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Appeals court throws out challenge to clean water settlement

Algae A federal appeals court today struck down a challenge filed by the Florida Department of Agriculture and several chemical companies and upheld a clean water settlement between the U.S. Environmental Protection Agency and conservation groups. 

The 2009 settlement requires EPA to set limits on sewage, fertilizer and manure in Florida’s waterways to prevent the toxic algae blooms that have suffocated waterways across the state. Download Earthjustice 048-Court Opinion - Appeal Dismissed[1]

(Photo: Anabaenaalgae bloom in Caloosahatchee River at Franklin Lock, June 17, 2008)

"This was a sharp rebuke to the polluter association because it put the health of Florida families and the safety of our waters ahead of corporate polluters,'' said David Guest, a lawyer for Earthjustice, which represented the conservation groups.

The standards set by the EPA as a result of hte 2009 settlement was "like putting a red light camera on the polluters,'' Guest said. "You discover that the sewage treatment plants are not complying with the law. You find agriculture didn’t stop at red lights ever. It exposes the truth about what the polluters are really doing and what the consequence is."

But the new requirements caused such an extraordinary controversy that agricultural and business groups filed 11 lawsuits challenging the EPA standards. Those lawsuits have been joined by Gov. Rick Scott, Attorney General Pam Bondi and Agriculture Commissioner Adam Putnam who have said that the rules were "arbitrary and capricious" and, if allowed to remain in place, will cripple local government and businesses.

“These new rules will have a drastic financial impact on local governments and communities who are already working to comply with Florida’s existing standards under the Clean Water Act,'' Bondi said in a December statement.

The conservation groups argue, however, that left unchecked, the phosphorus and nitrogen in sewage, manure and fertilizer will continue to plague Florida. Last year alone, the St. John's River in northesat Florida had a 100-mile long algae outbreak. The once-clear Wakulla Springs in North Florida has become murky and green because of sewage. And this year, the Caloosahatchee River in southwest Florida was covered with green slime and rotting fish for weeks.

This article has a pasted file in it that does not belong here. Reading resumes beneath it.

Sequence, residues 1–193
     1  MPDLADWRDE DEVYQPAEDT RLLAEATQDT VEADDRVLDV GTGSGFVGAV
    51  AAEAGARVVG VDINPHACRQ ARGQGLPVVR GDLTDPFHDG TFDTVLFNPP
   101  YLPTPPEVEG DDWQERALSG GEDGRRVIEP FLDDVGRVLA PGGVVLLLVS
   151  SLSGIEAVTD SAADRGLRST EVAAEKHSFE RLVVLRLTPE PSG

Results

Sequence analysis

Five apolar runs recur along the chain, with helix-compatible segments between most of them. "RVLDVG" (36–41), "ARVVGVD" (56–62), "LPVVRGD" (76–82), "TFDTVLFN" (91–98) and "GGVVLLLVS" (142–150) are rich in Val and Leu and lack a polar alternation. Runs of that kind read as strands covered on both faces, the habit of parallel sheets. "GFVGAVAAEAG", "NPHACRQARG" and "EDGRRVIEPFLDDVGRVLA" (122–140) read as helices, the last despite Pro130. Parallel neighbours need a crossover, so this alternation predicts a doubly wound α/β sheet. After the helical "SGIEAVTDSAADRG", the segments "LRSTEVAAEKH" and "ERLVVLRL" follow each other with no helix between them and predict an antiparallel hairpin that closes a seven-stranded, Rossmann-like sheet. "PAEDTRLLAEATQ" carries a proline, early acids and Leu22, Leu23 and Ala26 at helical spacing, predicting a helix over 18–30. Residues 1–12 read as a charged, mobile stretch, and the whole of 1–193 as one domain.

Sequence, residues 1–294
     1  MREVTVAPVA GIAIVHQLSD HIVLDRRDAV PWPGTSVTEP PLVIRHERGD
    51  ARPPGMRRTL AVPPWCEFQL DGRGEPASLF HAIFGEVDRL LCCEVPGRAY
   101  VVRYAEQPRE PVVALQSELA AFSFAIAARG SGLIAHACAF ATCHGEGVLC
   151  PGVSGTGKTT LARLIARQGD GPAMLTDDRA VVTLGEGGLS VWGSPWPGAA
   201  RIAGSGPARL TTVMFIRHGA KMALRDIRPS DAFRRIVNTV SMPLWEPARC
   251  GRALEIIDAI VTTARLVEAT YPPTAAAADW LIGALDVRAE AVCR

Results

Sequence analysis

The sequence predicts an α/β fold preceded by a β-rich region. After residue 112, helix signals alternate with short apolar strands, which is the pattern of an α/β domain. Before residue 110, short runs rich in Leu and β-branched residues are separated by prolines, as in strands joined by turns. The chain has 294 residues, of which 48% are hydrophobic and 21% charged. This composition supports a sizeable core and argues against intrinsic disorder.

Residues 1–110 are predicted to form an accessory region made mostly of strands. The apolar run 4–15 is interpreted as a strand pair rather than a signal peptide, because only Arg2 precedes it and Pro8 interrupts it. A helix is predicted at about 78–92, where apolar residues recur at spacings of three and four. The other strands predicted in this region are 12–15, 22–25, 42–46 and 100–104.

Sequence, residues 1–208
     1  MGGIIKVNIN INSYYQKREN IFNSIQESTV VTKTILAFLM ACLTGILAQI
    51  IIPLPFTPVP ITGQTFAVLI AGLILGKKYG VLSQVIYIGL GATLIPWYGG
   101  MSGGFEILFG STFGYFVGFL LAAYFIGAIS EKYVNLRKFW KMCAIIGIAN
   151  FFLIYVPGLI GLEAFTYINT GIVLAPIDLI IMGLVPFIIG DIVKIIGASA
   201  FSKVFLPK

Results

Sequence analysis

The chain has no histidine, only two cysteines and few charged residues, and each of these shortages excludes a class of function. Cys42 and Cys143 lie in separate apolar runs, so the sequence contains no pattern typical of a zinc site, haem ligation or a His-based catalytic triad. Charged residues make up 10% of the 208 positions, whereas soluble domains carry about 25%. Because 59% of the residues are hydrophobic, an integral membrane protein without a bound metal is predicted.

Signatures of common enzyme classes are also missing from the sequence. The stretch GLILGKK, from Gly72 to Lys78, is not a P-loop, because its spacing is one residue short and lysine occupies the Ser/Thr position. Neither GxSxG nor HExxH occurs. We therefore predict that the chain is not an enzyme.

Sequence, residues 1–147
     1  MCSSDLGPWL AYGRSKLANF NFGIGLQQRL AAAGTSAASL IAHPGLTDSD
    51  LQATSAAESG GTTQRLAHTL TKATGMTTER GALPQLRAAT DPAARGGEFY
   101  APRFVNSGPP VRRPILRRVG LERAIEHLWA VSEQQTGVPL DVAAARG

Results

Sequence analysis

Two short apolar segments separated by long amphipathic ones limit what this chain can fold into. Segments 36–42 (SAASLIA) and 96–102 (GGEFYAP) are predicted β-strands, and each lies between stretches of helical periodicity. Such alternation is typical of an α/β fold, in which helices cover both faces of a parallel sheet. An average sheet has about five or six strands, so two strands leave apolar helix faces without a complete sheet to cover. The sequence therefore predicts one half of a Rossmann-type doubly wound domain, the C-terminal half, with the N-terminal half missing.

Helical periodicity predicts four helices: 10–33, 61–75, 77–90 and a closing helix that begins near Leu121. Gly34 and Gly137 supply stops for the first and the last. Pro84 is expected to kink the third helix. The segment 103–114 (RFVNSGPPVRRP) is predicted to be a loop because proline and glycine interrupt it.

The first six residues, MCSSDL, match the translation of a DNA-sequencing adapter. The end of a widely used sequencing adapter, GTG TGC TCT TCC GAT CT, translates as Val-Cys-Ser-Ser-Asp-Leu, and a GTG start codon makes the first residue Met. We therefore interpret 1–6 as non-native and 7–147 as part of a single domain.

The outbreaks also threaten public health, Earthjustice argued, making are people and animals sick, contaminate drinking water, cause fish kills, and shut down swimming areas.  

 

Comments

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Matt

Glad to see there is still hope for those of us who still enjoy taking our families to swim, boat and fish in Florida's lakes and rivers. I don't know what the fuss is all about. It seems pretty simple to me: no sewage or nasty pesticides in places where we let our kids swim!

Peter Maier

If the appeals court now also will force EPA to implement the Clean Water Act, as it was intended, it would be a giant step forward in cleaning up our open waters.
The Clean Water Act is the second largest federally funded public works program and failed because EPA used an essential test incorrectly and ignored 60% of the pollution in sewage; Congress intended to 'treat'. Among this waste, nitrogenous (urine and protein) waste, which besides exerting an oxygen demand (just like fecal waste), also is a fertilizer for algae, thus contributes to the dead zones we now see in most open waters. All this can be verified, but nobody is willing to spend the time to learn what sewage is, how it impacts open waters and how it can and should be treated. If the would they will learn that EPA in 1973 acknowledged the problems with the test and in 1978 already was aware of much better sewage treatment (including nitrogenous waste) at half the cost the public now pays for conventional systems that were developed a century ago, solely to control odors.

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